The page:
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CRI Lab Quality Advisor

RFID: No More Hide and Seek

Published July 14, 2016 6:56 PM by Irwin Rothenberg

Radio Frequency Identification (RFID) is a wireless, non-contact use of radio-frequency electromagnetic fields that transfer data for the purposes of automatically identifying and tracking tags containing electronically stored information attached to objects. An RFID system has two basic components: a reader and one or more uniquely identifiable tags. The reader can wirelessly interact with the tags in different ways.

Typically, the reader transmits a signal and listens for a tag-modified echo. The differences between the transmitted and received signal encode information from the tag. This technology offers real time visibility that barcode identification systems currently lack. Presently, RFID uses in the healthcare and hospital setting are seen in patient monitoring, asset management, equipment tracking, EMR data collection, waste management and sample tracking.1

How does this technology impact our profession?

In the laboratory, inventory management software with RFID technology is just starting to be adopted. Several well-known vendors are now marketing this technology to automate inventory monitoring, tracking, stocking and ordering processes. The system can track key laboratory supplies such as reagents, calibrators and controls. Another equally important application is the emerging use of RFID to tag and monitor patient specimens.

Why do we need to consider utilizing this new technology? There are several advantages of RFID over more traditional barcode labeling:

Comparison of RFID and Bar codes2

Feature

Barcodes

RFID Tags and Labels

Holding data

Barcodes can be reprinted / photocopied.

RFID tags and labels carry unique identifiers that positively identify the item they are attached to.

Readability

Barcode scanners require direct line of sight to the printed barcode.

RFID readers do not require a direct line of sight to the RFID tag or label nor does the sample need to be touched by the operator or RFID scanner.

Proximity

The range to read a barcode is typically no more than 5 meters.

RFID tags can be read at much greater distances (depending on tag type up to 100 meters) making them very useful for tracking samples in a busy laboratory, freezer or other storage location.

Multiple Reading

Barcodes must be read one at a time.

Multiple RFID tags can be read simultaneously by a variety of reader types to suit reading of different containers including boxes and racks of samples.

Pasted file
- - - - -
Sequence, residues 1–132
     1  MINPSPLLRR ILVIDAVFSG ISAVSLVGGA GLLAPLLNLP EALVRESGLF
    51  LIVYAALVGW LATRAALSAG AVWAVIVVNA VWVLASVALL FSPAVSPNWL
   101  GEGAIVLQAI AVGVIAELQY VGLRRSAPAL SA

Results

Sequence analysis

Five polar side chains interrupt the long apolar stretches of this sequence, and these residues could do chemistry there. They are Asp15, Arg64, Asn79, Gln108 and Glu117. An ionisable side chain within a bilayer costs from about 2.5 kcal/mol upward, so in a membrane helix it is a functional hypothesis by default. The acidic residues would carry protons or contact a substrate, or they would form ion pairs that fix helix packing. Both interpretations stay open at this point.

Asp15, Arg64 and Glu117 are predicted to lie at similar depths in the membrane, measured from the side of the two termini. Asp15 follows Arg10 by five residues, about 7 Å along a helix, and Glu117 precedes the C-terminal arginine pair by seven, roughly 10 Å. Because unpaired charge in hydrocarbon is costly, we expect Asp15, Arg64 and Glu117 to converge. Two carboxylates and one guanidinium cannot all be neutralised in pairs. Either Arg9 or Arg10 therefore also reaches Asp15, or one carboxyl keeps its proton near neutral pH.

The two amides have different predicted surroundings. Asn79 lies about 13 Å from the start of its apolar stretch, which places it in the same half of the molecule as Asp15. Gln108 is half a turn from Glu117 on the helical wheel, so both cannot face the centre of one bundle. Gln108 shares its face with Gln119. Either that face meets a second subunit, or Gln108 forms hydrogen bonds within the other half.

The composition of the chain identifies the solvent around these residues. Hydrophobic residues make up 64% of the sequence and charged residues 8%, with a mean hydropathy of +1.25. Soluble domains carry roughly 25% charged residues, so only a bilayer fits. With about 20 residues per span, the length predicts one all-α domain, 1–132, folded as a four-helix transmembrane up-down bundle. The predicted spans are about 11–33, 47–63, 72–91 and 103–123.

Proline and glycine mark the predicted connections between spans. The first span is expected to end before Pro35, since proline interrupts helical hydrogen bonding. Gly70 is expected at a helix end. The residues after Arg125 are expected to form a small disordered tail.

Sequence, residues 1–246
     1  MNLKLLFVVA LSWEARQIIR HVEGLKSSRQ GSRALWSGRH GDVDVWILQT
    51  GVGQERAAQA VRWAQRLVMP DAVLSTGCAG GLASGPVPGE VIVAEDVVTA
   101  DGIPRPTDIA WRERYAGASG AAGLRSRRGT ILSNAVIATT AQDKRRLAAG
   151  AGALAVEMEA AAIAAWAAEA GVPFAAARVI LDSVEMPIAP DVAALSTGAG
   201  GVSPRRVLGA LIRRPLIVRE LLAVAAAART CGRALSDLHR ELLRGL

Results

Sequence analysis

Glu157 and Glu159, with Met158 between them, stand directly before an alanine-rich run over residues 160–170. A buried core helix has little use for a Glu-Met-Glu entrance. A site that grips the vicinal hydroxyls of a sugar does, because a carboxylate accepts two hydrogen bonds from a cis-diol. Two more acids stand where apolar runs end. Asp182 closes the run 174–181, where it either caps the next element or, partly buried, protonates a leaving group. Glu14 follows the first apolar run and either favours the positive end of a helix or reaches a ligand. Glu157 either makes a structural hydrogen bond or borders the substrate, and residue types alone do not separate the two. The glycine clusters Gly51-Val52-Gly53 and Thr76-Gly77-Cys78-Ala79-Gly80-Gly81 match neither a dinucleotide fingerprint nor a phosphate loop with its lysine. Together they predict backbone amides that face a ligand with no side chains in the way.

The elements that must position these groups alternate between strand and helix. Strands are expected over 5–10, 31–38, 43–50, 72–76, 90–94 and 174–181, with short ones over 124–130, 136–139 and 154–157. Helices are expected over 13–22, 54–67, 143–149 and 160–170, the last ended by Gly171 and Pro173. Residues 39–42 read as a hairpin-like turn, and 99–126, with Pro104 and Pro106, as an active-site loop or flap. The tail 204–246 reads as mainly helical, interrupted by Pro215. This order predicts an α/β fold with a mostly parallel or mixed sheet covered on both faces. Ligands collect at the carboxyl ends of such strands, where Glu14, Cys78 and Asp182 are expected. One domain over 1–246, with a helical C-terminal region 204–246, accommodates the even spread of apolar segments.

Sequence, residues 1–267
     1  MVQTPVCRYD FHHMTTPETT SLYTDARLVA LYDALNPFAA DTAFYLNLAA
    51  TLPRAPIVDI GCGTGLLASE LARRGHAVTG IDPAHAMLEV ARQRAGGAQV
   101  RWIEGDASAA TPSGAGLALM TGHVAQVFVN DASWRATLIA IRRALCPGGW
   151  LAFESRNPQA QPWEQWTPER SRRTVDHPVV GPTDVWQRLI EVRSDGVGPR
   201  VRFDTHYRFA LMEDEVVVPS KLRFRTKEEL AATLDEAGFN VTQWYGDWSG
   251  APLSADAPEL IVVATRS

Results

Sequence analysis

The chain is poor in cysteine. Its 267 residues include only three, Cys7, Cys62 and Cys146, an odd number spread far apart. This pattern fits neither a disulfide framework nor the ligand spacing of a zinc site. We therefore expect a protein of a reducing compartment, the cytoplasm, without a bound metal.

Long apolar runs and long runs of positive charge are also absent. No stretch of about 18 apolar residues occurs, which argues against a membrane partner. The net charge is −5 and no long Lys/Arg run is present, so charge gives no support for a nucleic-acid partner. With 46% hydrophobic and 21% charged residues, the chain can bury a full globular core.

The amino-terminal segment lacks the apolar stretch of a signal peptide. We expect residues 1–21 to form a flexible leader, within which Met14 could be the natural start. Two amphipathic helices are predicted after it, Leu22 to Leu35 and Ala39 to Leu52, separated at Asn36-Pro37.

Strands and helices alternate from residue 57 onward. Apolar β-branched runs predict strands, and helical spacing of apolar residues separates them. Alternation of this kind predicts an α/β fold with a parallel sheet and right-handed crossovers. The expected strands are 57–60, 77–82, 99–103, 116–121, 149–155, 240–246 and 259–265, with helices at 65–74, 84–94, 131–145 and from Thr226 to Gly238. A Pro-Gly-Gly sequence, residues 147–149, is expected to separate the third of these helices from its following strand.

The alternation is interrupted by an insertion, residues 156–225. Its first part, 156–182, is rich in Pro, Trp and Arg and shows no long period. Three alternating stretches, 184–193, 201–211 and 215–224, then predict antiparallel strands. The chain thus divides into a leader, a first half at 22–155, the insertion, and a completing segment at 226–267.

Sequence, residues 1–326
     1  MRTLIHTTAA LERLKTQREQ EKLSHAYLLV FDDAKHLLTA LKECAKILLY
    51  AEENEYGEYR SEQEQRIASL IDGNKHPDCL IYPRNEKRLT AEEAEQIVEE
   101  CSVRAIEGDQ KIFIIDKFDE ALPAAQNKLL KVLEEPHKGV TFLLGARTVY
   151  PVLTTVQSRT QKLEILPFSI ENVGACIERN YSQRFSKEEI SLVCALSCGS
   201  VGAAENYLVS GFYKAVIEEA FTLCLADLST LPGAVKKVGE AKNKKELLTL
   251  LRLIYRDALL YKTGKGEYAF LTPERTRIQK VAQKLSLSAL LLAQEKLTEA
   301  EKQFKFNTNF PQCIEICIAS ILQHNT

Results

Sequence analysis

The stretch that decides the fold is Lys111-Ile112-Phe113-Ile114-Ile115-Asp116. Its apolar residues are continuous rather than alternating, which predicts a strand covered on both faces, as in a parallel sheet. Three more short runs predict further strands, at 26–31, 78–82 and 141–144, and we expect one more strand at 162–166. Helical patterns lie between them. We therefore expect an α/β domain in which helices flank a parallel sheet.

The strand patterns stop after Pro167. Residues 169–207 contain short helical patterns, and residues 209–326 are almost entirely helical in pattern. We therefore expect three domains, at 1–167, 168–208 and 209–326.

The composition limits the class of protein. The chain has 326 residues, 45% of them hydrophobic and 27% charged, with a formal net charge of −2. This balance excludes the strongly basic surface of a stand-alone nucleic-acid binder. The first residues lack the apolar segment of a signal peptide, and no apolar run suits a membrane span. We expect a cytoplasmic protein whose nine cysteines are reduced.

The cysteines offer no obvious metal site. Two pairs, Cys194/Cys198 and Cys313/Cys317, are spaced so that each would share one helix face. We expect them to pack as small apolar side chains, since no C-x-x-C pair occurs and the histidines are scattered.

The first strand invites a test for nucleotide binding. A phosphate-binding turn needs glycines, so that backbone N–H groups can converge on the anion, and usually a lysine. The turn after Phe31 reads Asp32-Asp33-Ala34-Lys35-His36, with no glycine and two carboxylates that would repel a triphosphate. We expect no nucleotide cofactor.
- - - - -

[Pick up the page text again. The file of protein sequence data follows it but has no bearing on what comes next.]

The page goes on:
Speed

Reading barcodes is time-consuming as direct line of sight is required.

RFID readers can read RFID tags much faster (e,g. >40 UHF tags/second).

Application

Barcode labels must be placed on the outside of the sample container or asset.

RFID tags can also be used within the sample or container of samples, so they could be used throughout an analytical workflow providing a more complete custody trail.

Ruggedness

Barcode label stock material can be plastic coated and used with different glues for durability.

RFID tags are typically more rugged to different environments and can be protected in a plastic cover creating the opportunity to create novel applications.

Read/Write

Barcode labels are read-only.

Read/write RFID tags can be used which allow new data to be written back on the tag which allows for new applications.

Cost

Barcode labels are generally cheaper but are not reusable.

RFID tags can be reused and the flexibility of uses and associated savings described above can offset the additional cost.

 

In fact, when working with samples stored in a freezer, an important longer-term advantage of RFID-tagged samples is that the scanner technology described above can, with careful design, be implemented in the freezer itself. This would allow the freezer to inventory itself and report its contents to the user without removing samples from the freezer. If this can be implemented, the security of a the laboratory specimens will increase because any changes to the contents would be traceable to whoever accessed the freezer.3

 

References:

1. M. Hernandez. Managing Laboratory Inventory: RFID. MD Buyline. Blogs Sept. 9, 2014. http://www.mdbuyline.com/blogs/

2. RFID Labeling for Laboratories. CSols-AdminLeave a Comment. Dec 19, 2011. http://www.csols.com/wordpress/rfid-labelling-for-laboratories/

3. H. Davidowitz. Use of RadioFrequency Identification (RFID) for Sample Tracking. July 31, 2012. http://www.americanlaboratory.com/913-Technical-Articles/118171-Use-of-Radio-Frequency-Identification-RFID-for-Sample-Tracking/

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